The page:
Friday, 20 February 2009

Book Review: The Demon-Haunted World

Recently I've been watching the series Cosmos, a show in the style of Jacob Bronowski's The Ascent Of Man but speaking to a far wider audience. While the two shows are similar, the way that Bronowski and Sagan go about selling science to a wider audience is vastly different. Bronowski sold science through enthusiasm while Sagan pushed the mystique of the universe almost in the Einsteinian sense. In this book, The Demon-Haunted World, Sagan takes that same mystique and writes in great passion of science itself.

Conveying scepticism is not easy, it almost all cases there remains the strong possibility of offending someone who has an emotional investment in a concept. From that sceptics are seen as cynics, stepping over the heart-felt beliefs of others - something that couldn't be further from the truth. Sagan tries admirably throughout the book to sell just that, it was certainly empathetic as opposed to the usually cold logical proses that go hand in hand with modern-day scepticism.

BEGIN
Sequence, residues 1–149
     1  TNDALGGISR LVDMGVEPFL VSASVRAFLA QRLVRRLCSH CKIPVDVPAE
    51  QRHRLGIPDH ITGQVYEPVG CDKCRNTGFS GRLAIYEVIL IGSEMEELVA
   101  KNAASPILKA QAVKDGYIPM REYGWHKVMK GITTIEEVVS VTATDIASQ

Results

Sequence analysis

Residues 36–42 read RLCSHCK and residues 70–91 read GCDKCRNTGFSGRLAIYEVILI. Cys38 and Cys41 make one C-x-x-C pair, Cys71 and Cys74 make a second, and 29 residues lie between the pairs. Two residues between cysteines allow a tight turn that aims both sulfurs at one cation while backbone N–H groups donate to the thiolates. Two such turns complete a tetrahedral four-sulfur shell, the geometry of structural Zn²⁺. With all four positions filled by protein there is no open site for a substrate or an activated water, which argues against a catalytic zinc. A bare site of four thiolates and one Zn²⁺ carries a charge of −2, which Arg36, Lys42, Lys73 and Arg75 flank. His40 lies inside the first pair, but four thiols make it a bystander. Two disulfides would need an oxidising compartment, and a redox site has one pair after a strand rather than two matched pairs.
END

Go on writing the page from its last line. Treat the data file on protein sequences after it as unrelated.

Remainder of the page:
The essays that are the chapters are a wild ride at times, mid-chapter he would so often go on a tangent only to come back and round it all off very eloquently. This results in one refreshing aspect, that the point made in one chapter can be shown to apply to many topics. While there was frequent reference to alien abduction cases, he spread out the same criticisms and applied the same critical thought to similar phenomena such as satanic cults. There was even a look back in time at similar cultural phenomena like which burning in centuries past. The case for human error transcending any one phenomenon made for a more compelling argument.

On a practical note, chapters dedicated to the tools of critical thinking will be a useful addition to anyone's mental arsenal. Knowing logical fallacies is one thing, applying them on an everyday level is another. His criticisms of those who abuse the scientific method or act without thinking of the wider social consequences was refreshing to see in print.

There's something to be said for Sagan's way of going about things, though I personally have my doubts that it will win many converts. Surely it's more effective than calling someone deluded or deceived, though like many of these books that have something to say it's little more than preaching at the converted. And that seems to be the problem with all these great books on scepticism, no matter how accomodating the author is towards the beliefs of others, ultimately books like this are sold to an existing audience.

Next book: Ben Goldacre - Bad Science

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